We believe that critical care is not simply a location or a unit in a hospital, but the practice of providing care to those who need urgent support to treat or prevent a life-threatening illness. Whether you’re a paramedic, nurse, EM, IM, CCM doc, etc…

 

REBEL Crit

 

will help you critically appraise the literature so that you can deliver the highest quality, evidence based and compassionate care to your patients. REBELCrit not only review’s recent publications, but has many review article’s, on often complex topics, to help you, the busy provider, continue to provide the best care possible. Soon, REBELCrit will be launching a critical care podcast through our already popular REBELCast! REBELCrit strives to give you the most up to date and timely information so that you can be the best provider you can be and deliver the best care to your critically ill patients!

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  • REBEL Crit
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  • REBEL Crit

Resuscitative Thoracotomy: What Really is the Quickest Way to a Person’s Heart?

Background: A resuscitative thoracotomy is a time-critical high acuity, low occurrence (HALO) procedure – as an emergency physician you need to know how to do it, but depending on your practice environment, it may be a once-in-a-career maneuver. All the …

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Trauma

The ATESS Trial: Time to Let Go of the Metabolic Cocktail

Background: The only well-established treatments for sepsis and septic shock are antibiotic therapy and source control.  Septic shock, the most severe form of sepsis, is characterized by circulatory and cellular metabolism abnormalities.  There have been a host of randomized controlled …

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Infectious Disease

Let’s Get Our ACTS Together: The Metabolic Cocktail and Septic Shock Again

Background: Though it’s been stated numerous times on this blog, it bears repeating: the pillars of sepsis care remain early identification of sepsis, early appropriate empiric antibiotics, source control, and supportive care. The focus should be on getting the basics …

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Infectious Disease

STARRT-AKI Trial: Timing of Renal Replacement Therapy Initiation in Acute Kidney Injury

Background Information: It is well documented throughout the literature that critically ill patients admitted to the intensive care unit (ICU) with acute kidney injury have a higher morbidity and mortality.1–4 Acute kidney injury may be complicated by acidosis, hyperkalemia and …

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Endocrine, Metabolic, Fluid, and ElectrolytesRenal and Genitourinary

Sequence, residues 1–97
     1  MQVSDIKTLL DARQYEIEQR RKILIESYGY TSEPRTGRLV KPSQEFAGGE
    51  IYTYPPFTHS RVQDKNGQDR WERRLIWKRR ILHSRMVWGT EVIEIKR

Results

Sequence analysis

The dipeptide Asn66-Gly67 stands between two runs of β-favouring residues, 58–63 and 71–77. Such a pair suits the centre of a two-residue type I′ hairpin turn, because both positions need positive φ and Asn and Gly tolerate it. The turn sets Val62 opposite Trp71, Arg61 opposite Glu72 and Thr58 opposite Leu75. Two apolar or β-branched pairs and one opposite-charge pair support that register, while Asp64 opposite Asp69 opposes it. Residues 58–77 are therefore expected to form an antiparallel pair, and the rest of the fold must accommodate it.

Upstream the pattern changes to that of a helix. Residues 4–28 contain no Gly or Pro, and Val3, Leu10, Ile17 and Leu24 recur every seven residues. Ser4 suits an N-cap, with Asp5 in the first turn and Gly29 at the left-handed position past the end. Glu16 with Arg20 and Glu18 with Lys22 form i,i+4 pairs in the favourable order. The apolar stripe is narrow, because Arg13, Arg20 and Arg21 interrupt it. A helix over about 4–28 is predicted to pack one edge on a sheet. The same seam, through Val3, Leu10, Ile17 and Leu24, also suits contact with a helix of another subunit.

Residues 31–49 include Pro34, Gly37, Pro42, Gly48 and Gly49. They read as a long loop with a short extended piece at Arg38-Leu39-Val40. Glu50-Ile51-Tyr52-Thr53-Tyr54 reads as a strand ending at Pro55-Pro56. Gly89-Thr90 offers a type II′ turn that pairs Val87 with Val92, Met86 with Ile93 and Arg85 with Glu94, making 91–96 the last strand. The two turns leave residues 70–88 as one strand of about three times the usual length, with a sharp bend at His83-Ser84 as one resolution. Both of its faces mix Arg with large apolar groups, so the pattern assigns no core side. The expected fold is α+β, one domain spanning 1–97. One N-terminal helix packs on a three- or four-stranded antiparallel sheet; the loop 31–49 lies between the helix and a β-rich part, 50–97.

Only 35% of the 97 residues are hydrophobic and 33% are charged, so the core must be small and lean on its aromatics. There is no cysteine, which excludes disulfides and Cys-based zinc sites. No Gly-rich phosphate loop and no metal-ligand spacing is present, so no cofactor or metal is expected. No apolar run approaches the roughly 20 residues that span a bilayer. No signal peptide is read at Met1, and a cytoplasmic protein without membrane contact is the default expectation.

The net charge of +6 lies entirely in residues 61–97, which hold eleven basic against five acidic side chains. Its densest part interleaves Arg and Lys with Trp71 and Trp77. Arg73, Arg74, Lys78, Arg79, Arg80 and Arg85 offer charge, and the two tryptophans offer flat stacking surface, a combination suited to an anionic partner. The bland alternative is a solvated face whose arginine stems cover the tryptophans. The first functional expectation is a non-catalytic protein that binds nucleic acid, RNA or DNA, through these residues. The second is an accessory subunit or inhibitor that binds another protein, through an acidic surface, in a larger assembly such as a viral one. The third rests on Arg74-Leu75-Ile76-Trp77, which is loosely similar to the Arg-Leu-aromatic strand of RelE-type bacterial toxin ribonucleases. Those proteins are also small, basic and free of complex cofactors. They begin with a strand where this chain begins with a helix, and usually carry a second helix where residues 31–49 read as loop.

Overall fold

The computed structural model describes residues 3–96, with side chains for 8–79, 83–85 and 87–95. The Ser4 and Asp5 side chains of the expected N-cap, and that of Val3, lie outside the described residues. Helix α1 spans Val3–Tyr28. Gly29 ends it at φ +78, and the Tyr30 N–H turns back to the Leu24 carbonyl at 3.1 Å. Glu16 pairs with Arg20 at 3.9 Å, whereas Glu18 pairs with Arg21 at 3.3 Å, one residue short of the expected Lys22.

Therapy Options in Acute Respiratory Distress Syndrome

 Background Information: The care and management of patients with acute respiratory distress syndrome (ARDS) is complex and follows an inciting injury to the lungs. This constellation of symptoms is characterized by hypoxemia, diffuse lung inflammation, decreased lung compliance and noncardiogenic …

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Thoracic and Respiratory

Hemophagocytic Lymphohistiocytosis (HLH): A Zebra Diagnosis We Should All Know

What is it HLH? Hemophagocytic Lymphohistiocytosis (HLH) is a rare and often fatal syndrome of uncontrolled and ineffective inflammatory response to a certain trigger. It is characterized by excessive proliferation of lymphocytes and macrophages (histiocytes), hence the name “lymphohistiocytosis”. This …

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Hematology and Oncology

The ORANGES Trial: Why You Can’t Just Read the Abstract

Background: The cornerstones of sepsis management continues to include early identification, early appropriate empiric antibiotics, definitive source control, and vasopressors to support end organ perfusion. There have been multiple studies looking at the co-administration of hydrocortisone, ascorbic acid, and thiamine …

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Infectious Disease

The LOCO2 Trial: Liberal or Conservative Oxygen Therapy for Acute Respiratory Distress Syndrome

Background: In patients with acute respiratory distress syndrome (ARDS) the National Heart, Lung, and Blood Institute ARDS clinical trials network recommends a target partial pressure of arterial oxygen (Pao2) between 55 and 80 mmHg. Goals of arterial oxygenation are not based …

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Thoracic and Respiratory

Fluid Administration in End-Stage Renal Disease for Severe Sepsis and Septic Shock by Shyam Murali, MD

Background: In end-stage renal disease (ESRD) patients on hemodialysis (HD), infection is the second most common cause of mortality after cardiovascular disease (Sarnik 2000). Because of the systemic inflammation and increased capillary permeability, septic patients are at significant risk for fluid …

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Endocrine, Metabolic, Fluid, and ElectrolytesInfectious DiseaseResuscitation

Peripheral Pressors: 6 Pearls to Not F*#k Up the Arm

Traditionally, vasopressor infusions have been done through central venous catheters (CVCs) due to the hypothetical risk of extravasation injury to extremities when given through peripheral IVs.  The documented risk of extravasation from peripheral pressors is 3 – 6% [1][3][4][5]. Hypothetically, …

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Procedures and Skills

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